Waking selective neurons in the posterior hypothalamus and their response to histamine H3-receptor ligands: an electrophysiological study in freely moving cats.

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    International audienceNeurons which discharge selectively during waking (waking selective) have been found in the tuberomamillary nucleus (TM) and adjacent areas of the posterior hypothalamus. Although they share some electrophysiological properties with aminergic neurons, there is no direct evidence that they are histaminergic. We have recorded from posterior hypothalamic neurons during the sleep-wake cycle in freely moving cats, and investigated the effects on waking selective neurons of specific ligands of histaminergic H3-receptors, which autoregulate the activity of histaminergic neurons. Two types of neurons were seen. Waking selective neurons, termed "waking-on (W-on)," were located exclusively within the TM and adjacent areas, and discharged at a low regular rate during waking (1.71-2.97 Hz), decreased firing during light slow wave sleep (SWS), became silent during deep SWS and paradoxical sleep (PS) and resumed their activity on, or a few seconds before, awakening. "Waking-related" neurons, located in an area dorsal to the TM, displayed a similar, although less regular, low rate of firing (1.74-5.41 Hz) and a similar discharge profile during the sleep-wake cycle; however, unlike "W-on" neurons, they did not completely stop firing during deep SWS and PS. Intramuscular (i.m.) injection of ciproxifan (an H3-receptor antagonist, 1mg/kg), significantly increased the discharge rate of W-on neurons and induced c-fos expression in histamine-immunoreactive neurons, whereas i.m. injection of imetit (an H3-receptor agonist, 1mg/kg) or microinjection of alpha-methylhistamine (another H3-receptor agonist, 0.025-0.1 microg/0.2 microl) in the vicinity of these cells significantly decreased their discharge rate. Moreover, the effect of the antagonist was reversed by the agonists and vice versa. In contrast, "waking-related" neurons were unaffected by these H3-receptor ligands. These data provide evidence for the histaminergic nature of "W-on" neurons and their role in cortical desynchronization during waking, and highlight the heterogeneity of posterior hypothalamic neuronal populations, which might serve different functions during the wakefulness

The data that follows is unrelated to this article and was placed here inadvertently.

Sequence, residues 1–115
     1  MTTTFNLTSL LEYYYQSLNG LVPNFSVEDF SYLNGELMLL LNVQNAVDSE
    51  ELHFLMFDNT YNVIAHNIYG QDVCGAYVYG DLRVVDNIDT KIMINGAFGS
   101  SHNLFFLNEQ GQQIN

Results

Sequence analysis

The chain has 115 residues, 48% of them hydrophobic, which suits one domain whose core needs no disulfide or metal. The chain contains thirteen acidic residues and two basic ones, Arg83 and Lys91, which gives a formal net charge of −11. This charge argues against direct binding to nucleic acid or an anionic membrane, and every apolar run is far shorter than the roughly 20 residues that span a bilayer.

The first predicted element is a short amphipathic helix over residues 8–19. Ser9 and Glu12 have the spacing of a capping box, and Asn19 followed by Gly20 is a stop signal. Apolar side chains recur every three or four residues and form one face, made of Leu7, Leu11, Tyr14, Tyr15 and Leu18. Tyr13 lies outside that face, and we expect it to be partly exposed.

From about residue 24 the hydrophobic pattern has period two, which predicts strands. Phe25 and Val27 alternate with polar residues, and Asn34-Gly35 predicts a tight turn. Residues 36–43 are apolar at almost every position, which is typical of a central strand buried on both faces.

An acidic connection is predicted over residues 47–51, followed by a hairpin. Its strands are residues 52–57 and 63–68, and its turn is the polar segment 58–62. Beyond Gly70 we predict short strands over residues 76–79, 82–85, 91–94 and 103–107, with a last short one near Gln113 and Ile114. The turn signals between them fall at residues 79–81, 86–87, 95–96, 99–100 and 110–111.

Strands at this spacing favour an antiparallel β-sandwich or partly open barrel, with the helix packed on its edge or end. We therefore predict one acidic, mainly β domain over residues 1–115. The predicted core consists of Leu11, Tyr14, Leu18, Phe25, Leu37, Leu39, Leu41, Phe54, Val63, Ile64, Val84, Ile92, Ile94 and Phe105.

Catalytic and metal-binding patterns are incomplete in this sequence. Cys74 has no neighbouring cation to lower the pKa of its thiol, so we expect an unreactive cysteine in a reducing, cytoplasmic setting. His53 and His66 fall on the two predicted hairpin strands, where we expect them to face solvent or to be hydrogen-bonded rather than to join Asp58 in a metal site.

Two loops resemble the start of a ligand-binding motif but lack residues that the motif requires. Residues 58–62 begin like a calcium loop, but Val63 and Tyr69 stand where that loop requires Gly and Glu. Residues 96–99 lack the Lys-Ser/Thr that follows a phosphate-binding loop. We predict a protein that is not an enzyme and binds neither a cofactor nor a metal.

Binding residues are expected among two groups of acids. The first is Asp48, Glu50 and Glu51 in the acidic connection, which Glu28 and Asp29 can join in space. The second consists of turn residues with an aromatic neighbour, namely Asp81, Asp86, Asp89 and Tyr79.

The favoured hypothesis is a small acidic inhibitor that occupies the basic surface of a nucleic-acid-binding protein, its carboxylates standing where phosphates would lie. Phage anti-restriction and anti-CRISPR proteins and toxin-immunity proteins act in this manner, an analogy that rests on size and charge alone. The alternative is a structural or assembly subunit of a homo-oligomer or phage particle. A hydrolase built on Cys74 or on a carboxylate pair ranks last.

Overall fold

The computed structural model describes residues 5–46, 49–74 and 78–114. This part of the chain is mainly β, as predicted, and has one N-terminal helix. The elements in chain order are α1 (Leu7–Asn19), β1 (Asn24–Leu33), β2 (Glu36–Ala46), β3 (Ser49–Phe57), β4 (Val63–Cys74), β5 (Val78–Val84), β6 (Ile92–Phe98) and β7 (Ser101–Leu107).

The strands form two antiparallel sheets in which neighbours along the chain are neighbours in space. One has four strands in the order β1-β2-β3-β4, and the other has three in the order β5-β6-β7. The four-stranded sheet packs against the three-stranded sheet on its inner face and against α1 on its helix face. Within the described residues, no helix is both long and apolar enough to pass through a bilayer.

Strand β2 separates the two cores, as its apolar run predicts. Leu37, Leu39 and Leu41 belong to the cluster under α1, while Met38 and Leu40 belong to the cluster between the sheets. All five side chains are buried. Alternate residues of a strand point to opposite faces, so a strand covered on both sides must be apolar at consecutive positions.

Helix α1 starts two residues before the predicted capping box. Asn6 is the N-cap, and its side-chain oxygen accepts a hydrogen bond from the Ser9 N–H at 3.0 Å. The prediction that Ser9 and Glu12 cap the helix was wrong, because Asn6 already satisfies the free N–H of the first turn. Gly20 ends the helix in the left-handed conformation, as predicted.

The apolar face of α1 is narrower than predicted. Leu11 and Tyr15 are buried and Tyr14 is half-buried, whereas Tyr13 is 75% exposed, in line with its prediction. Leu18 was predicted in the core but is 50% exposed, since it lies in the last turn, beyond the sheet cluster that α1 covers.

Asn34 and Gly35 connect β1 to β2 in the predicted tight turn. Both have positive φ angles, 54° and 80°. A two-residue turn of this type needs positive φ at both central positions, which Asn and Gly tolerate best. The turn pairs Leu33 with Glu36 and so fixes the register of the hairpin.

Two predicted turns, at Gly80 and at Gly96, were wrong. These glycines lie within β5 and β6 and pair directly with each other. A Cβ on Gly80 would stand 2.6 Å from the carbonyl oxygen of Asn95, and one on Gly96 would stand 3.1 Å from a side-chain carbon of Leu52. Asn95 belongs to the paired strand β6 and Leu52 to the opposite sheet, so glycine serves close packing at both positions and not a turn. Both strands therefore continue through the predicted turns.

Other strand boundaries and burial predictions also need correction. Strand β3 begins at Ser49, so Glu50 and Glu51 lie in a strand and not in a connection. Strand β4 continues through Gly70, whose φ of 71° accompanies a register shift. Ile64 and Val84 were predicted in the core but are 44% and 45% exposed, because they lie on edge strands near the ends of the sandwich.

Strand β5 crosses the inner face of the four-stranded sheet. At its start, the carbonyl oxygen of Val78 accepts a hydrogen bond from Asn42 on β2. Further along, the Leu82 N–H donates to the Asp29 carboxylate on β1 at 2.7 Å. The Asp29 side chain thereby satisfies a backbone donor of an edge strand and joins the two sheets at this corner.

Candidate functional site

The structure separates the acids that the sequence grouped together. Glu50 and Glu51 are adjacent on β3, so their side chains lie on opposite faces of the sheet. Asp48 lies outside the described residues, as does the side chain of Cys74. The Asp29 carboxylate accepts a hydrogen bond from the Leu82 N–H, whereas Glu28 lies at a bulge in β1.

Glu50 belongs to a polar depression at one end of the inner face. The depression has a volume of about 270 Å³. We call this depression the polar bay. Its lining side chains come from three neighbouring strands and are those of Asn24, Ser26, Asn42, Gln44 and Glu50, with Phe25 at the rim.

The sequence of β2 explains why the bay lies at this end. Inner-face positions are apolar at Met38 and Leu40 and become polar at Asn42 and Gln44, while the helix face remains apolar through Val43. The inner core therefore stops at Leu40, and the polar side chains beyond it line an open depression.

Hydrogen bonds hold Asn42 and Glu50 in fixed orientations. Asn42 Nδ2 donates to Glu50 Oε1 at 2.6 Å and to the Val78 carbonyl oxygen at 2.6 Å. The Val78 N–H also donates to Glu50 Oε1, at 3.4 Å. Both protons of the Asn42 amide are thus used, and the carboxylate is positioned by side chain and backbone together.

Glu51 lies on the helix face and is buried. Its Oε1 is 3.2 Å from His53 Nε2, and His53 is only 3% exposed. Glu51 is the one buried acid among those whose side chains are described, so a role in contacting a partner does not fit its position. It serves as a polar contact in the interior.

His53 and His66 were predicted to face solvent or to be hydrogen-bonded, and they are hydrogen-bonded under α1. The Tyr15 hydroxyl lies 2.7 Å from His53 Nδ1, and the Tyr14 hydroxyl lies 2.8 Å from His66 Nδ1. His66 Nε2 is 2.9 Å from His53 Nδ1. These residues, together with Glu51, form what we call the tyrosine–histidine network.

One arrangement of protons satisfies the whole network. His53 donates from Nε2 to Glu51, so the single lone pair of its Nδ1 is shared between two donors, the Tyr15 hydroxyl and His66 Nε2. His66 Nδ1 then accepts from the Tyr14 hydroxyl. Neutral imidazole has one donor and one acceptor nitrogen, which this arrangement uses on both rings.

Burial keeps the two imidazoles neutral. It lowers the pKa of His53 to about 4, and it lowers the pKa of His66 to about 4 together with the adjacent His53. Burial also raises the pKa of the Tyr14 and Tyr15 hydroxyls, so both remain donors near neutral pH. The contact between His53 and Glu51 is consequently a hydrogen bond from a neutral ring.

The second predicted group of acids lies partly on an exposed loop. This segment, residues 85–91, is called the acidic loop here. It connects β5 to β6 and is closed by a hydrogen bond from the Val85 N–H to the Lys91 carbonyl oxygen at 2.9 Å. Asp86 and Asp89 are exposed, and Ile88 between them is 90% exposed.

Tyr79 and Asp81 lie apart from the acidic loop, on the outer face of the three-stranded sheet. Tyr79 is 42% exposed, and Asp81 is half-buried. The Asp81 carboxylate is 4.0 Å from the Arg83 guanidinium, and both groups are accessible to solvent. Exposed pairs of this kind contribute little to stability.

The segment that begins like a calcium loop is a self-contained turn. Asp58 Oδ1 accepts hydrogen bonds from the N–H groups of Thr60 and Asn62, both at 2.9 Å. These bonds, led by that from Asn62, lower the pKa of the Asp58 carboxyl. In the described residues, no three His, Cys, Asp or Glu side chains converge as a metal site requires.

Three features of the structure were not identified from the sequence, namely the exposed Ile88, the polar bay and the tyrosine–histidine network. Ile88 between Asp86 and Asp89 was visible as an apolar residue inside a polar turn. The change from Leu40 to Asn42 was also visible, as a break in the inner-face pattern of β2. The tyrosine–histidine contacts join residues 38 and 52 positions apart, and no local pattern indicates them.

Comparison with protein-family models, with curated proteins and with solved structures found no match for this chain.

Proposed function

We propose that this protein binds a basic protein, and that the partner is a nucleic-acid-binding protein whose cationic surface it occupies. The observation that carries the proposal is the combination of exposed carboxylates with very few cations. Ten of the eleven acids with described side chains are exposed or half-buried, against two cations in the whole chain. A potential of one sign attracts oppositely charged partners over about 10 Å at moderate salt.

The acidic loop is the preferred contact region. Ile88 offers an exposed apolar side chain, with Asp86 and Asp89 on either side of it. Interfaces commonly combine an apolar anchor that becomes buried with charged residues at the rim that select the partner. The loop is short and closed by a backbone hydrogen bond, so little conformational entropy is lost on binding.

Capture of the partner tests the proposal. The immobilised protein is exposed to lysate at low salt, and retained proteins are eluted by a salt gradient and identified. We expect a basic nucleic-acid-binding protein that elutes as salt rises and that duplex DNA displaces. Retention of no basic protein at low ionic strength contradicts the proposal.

Distinct muscarinic acetylcholine receptor subtypes mediate pre- and postsynaptic effects in rat neocortex

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    <p>Abstract</p> <p>Background</p> <p>Cholinergic transmission has been implicated in learning, memory and cognition. However, the cellular effects induced by muscarinic acetylcholine receptors (mAChRs) activation are poorly understood in the neocortex. We investigated the effects of the cholinergic agonist carbachol (CCh) and various agonists and antagonists on neuronal activity in rat neocortical slices using intracellular (sharp microelectrode) and field potential recordings.</p> <p>Results</p> <p>CCh increased neuronal firing but reduced synaptic transmission. The increase of neuronal firing was antagonized by pirenzepine (M<sub>1</sub>/M<sub>4</sub> mAChRs antagonist) but not by AF-DX 116 (M<sub>2</sub>/M<sub>4</sub> mAChRs antagonist). Pirenzepine reversed the depressant effect of CCh on excitatory postsynaptic potential (EPSP) but had marginal effects when applied before CCh. AF-DX 116 antagonized the depression of EPSP when applied before or during CCh. CCh also decreased the paired-pulse inhibition of field potentials and the inhibitory conductances mediated by GABA<sub>A</sub> and GABA<sub>B</sub> receptors. The depression of paired-pulse inhibition was antagonized or prevented by AF-DX 116 or atropine but only marginally by pirenzepine. The inhibitory conductances were unaltered by xanomeline (M<sub>1</sub>/M<sub>4</sub> mAChRs agonist), yet the CCh-induced depression was antagonized by AF-DX 116. Linopirdine, a selective M-current blocker, mimicked the effect of CCh on neuronal firing. However, linopirdine had no effect on the amplitude of EPSP or on the paired-pulse inhibition, indicating that M-current is involved in the increase of neuronal excitability but neither in the depression of EPSP nor paired-pulse inhibition.</p> <p>Conclusions</p> <p>These data indicate that the three effects are mediated by different mAChRs, the increase in firing being mediated by M<sub>1</sub> mAChR, decrease of inhibition by M<sub>2</sub> mAChR and depression of excitatory transmission by M<sub>4</sub> mAChR. The depression of EPSP and increase of neuronal firing might enhance the signal-to-noise ratio, whereas the concomitant depression of inhibition would facilitate long-term potentiation. Thus, this triade of effects may represent a “neuronal correlate” of attention and learning.</p